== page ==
GU Fossil Free published and circulated an open letter written by an anonymous alumnus calling for the university to divest its endowment from the top 200 fossil fuel companies, amassing one signature as of press time.
The group published the letter on its website Oct. 9. It is the first open letter to be published by GUFF since the board of directors voted to end direct investments in coal companies in early June, a decision that GUFF criticized for being insufficient.
The letter reiterated GUFF’s goal for the university to fully divest from the top 200 oil, coal and gas companies based on carbon reserves.
“We, the alumni of Georgetown University, respectfully ask the board of directors to divest the university’s endowment from the top 200 fossil fuel companies based on carbon reserves,” the letter read.
The letter also cited scientific research published on National Geographic and the Environmental Protection Agency website on the effects of fossil fuel burning on the environment.
“These abrupt changes [in average global temperature] have already resulted in more severe and frequent heat waves, storms, droughts, and floods,” the letter read.
The letter concluded by calling the university to implement more sustainable measures in its wider plans, beginning with divestment.
“By divesting, we stand for those who cannot stand for themselves and protect an Earth that is currently being silenced,” the letter read. “For this reason, Georgetown can and must take the lead in moving us away from fossil fuel dependence, and that begins with divesting and helping to shift the dialogue toward true sustainability.”
In April, GUFF released a letter signed by faculty members that supported divestment, and it accrued 113 signatures. The letter, which was drafted by professor Nathan Hensley, was released toward the end of an academic year marked by demonstrations by GUFF and negotiations between the group and the university.
According to GUFF member Annie Wang (COL ’16), the group decided to release the alumni open letter based on the effectiveness of the faculty letter.
“I think [we chose this tactic] because we saw how successful it was with the faculty,” Wang said. “We thought it would be a good way to rally alumni.”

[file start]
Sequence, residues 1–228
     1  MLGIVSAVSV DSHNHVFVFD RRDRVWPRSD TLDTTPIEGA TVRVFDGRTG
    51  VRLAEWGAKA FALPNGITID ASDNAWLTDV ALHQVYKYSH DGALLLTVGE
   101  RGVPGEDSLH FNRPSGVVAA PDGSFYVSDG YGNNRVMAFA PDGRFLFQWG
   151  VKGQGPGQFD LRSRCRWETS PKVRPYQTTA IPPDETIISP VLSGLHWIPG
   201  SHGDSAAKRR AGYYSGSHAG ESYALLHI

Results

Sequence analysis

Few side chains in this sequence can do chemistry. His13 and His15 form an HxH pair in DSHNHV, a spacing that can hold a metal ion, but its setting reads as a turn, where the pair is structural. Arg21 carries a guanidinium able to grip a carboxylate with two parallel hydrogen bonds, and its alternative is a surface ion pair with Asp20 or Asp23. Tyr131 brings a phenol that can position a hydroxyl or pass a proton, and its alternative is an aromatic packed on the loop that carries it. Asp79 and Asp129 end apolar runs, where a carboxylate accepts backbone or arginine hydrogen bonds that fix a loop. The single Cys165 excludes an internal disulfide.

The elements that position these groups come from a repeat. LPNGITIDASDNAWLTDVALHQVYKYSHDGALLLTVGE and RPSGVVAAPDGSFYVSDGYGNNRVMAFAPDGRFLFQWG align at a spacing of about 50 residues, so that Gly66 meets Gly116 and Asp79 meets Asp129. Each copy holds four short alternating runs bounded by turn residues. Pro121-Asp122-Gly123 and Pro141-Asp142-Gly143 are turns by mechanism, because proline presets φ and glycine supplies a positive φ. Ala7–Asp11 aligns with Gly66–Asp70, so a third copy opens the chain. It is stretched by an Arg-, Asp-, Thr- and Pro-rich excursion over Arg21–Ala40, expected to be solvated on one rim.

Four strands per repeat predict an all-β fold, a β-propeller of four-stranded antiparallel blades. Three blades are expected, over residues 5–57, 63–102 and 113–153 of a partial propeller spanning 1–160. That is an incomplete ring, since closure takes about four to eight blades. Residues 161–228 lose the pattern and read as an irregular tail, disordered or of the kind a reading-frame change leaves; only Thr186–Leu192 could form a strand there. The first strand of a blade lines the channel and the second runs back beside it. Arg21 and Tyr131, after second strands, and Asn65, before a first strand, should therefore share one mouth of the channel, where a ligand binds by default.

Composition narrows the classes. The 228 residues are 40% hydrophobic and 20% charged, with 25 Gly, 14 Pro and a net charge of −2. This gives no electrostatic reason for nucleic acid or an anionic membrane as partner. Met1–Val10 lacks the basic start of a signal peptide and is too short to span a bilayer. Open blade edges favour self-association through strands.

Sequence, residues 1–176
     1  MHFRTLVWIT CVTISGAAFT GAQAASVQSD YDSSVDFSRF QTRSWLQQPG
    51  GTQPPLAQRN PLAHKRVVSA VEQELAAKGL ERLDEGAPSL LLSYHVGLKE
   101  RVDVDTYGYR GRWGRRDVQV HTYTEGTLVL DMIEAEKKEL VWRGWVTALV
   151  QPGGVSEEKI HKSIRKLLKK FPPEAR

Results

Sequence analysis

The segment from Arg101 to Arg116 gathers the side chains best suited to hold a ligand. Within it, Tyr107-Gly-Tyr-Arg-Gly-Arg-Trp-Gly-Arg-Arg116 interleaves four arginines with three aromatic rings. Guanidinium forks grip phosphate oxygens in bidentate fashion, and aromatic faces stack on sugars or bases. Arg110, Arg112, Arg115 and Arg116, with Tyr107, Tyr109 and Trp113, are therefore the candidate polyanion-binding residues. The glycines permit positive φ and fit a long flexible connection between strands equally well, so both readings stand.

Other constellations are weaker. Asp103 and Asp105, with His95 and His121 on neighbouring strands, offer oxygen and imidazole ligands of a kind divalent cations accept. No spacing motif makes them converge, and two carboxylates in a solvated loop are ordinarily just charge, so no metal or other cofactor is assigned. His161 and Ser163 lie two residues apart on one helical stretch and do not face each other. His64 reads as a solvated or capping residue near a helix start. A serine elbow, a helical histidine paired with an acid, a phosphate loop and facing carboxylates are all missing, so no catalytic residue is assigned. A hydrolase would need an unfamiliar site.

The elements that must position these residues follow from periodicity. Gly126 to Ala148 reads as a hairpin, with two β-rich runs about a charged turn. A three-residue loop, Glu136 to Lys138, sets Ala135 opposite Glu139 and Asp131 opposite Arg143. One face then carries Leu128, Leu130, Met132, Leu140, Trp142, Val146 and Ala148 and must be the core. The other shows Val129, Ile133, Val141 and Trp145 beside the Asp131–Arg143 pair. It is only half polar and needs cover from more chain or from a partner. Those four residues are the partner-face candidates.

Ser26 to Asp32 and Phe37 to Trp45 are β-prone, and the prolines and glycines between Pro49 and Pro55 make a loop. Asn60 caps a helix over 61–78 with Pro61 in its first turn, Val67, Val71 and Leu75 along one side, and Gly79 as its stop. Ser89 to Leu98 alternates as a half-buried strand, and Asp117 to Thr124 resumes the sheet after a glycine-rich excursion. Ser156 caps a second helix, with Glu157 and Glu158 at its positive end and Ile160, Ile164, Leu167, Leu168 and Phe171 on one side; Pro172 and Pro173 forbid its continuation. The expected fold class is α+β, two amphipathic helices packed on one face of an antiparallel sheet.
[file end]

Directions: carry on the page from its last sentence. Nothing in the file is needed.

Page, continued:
GUFF member Grady Willard (SFS ’18) said the group wanted the letter to draw broader support for divestment in order to pressure the university.
“If we can get a broad coalition of constituencies to support divestment, we believe that the university will be more likely to follow through with full divestment from oil and gas,” Willard wrote in an email to The Hoya.
According to Wang, the group is circulating the letter to alumni through “mostly email and social media,” with “some word of mouth.”
Willard also said that the group is collaborating with former GUFF members to facilitate the circulation among alumni.
Although GUFF does not have an estimate for the number of signatures that they hope to collect, Wang said the organization is hoping to see the same success that they found with the faculty letter.
“We’re trying to get a hundred, maybe a couple hundred,” Wang said.
Willard also said that the alumni letter would eventually be delivered to the university administration.
Elaine Colligan (SFS ’15) praised the letter for supporting its argument with scientific facts. She has yet to sign the letter.
“I think it lays out the science behind climate change well,” Colligan said.
Colligan also said that she anticipates the letter to gain further traction as it circulates among alumni.
“I expect tons and tons of alumni to put a lot of pressure on Georgetown to divest,” Colligan said.
Aside from the letter, Wang said that one of GUFF’s main goals for the semester is to keep up with the board of directors, in addition to increasing student outreach efforts.
“We’re trying to get more contact with the board of directors,” Wang said. “I think what we want to see is getting a broad community of support.”
Willard also said that GUFF will continue to promote its agenda to the university community this semester.
“GUFF will continue to advocate for full divestment from oil and gas, as well as administrative transparency,” Willard wrote.